Dragged to the Fiscal Slope

Implications of “I am not a member of an organized political party. I am a Republican.” (with apologies to Will Rogers)

The collapse of Speaker Boehner’s Plan B has been interpreted as signaling that the Speaker never had the votes from his caucus for any deal with the President. [1] If this interpretation is correct, then we should prepare for something like the following trajectory of GDP:

Figure 1: Log GDP (blue), log forecast GDP under current law, from August 2012 (red), and GDP if all Bush tax cuts extended plus AMT fix (green square). NBER defined recession dates shaded dark gray; implied informal recession dates shaded light gray. Source: BEA, 2012Q3 3rd release; 2012Q4 assumes 1% growth SAAR (from MacroAdvisers (12/20/2012); CBO, Budget and Economic Outlook: An Update (August 2012), CBO, Economic Effects of Policies Contributing to Fiscal Tightening in 2013 (November 2012), NBER, and author’s calculations.I included a 2013Q4 projection of GDP assuming tax increases for income less than $250K are eventually eliminated (green square). In light of this evening’s events, I think this seems a bit optimistic –- it is not clear that the right wing of the Republican Party would allow a partial tax cut; all or nothing seems to be the current stance. In any case, this estimate is based upon the August 2012 CBO projection. To the extent that one believes the current-law trajectory of GDP is lower, the implied level of 2013Q4 GDP is commensurately lower.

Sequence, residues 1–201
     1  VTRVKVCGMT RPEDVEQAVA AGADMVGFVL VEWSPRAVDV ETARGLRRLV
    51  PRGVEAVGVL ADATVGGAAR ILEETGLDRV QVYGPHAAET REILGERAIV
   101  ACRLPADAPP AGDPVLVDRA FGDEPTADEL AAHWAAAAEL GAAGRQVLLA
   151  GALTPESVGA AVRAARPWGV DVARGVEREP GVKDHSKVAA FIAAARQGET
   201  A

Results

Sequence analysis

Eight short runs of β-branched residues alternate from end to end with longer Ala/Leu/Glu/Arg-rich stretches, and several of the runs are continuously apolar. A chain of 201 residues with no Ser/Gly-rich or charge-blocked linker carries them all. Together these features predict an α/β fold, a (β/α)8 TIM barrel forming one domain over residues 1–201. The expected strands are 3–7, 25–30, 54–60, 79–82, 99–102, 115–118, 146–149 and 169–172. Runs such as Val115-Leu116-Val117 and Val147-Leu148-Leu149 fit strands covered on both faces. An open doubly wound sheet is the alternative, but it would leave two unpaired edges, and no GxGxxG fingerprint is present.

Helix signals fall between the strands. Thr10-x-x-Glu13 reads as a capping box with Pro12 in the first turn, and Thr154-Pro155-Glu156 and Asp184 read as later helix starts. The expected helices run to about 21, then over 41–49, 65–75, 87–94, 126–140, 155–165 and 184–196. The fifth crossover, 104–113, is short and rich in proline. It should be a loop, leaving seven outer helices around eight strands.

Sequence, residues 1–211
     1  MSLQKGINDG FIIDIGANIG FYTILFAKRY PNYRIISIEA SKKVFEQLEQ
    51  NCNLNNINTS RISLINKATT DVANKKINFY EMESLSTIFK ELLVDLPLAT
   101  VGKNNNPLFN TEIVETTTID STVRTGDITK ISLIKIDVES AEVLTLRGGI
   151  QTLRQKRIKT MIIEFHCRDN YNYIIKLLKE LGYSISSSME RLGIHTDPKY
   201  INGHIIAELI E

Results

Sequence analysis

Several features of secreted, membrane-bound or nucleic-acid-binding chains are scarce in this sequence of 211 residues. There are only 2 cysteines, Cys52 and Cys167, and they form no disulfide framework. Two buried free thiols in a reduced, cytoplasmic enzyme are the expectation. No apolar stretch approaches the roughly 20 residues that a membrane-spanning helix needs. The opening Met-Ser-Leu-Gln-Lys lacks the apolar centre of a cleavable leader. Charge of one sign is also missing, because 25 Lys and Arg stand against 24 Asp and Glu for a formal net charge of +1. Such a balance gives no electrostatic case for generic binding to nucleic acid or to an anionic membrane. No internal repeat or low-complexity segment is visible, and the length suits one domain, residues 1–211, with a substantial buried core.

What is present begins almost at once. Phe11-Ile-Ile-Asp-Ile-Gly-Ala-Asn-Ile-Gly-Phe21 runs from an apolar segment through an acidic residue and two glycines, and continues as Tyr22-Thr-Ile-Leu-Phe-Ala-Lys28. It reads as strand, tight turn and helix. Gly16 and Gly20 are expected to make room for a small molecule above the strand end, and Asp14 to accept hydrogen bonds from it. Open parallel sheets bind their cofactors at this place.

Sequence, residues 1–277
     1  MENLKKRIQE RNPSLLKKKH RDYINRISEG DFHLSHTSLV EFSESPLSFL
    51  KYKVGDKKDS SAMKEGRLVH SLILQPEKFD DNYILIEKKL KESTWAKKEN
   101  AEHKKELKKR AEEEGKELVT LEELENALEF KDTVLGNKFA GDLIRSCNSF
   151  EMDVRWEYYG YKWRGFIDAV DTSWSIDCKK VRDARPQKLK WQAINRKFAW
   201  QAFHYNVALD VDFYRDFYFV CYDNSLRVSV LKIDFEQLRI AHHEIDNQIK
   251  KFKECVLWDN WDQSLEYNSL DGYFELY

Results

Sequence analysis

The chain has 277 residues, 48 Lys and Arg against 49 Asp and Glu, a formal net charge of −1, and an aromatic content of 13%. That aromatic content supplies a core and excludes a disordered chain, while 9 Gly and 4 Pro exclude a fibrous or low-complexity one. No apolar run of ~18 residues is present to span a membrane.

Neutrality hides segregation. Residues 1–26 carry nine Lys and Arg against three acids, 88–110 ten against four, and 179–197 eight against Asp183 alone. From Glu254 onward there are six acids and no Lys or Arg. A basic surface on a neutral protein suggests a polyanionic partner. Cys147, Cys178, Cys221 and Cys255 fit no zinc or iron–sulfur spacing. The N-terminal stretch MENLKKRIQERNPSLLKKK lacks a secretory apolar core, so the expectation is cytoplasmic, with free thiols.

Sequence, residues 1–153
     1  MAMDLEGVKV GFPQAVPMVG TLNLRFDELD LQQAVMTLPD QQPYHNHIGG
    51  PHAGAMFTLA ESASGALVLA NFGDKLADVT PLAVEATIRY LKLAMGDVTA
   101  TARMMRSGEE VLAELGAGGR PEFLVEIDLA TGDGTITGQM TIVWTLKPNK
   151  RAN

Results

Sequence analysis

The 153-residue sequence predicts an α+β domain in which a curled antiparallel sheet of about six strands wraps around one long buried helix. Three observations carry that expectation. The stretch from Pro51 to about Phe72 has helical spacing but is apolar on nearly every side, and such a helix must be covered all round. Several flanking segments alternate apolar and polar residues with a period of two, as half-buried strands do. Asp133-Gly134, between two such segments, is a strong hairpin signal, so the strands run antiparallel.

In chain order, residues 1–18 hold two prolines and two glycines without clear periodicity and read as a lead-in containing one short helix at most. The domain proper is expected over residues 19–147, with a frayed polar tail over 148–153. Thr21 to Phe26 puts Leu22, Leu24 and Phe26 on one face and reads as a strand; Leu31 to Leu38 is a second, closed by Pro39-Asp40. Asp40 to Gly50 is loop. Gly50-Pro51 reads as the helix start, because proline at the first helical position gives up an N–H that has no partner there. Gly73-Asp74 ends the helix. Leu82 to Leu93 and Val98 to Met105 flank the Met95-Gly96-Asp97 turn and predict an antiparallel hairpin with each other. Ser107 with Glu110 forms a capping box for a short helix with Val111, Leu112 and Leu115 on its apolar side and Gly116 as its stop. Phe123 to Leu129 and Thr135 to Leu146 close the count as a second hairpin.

As CBPP’s Chad Stone has pointed out, the CBO projection assumes immediate implementation of the provisions. Some could be delayed until some agreement could be made, thereby possibly avoiding a downturn (e.g., the green square in my optimistic scenario). One can only hope.


This piece is cross-posted from Econbrowser with permission.

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Dan Steinbock

Dr Dan Steinbock is a recognized expert of the multipolar world. He focuses on international business, international relations, investment and risk among the major advanced economies (G7) and large emerging economies (BRICS and beyond). In addition to his advisory activities (, he is affiliated with major US universities as well as international think-tanks, such as India China and America Institute (USA), Shanghai Institutes for International Studies (China) and EU Center (Singapore).

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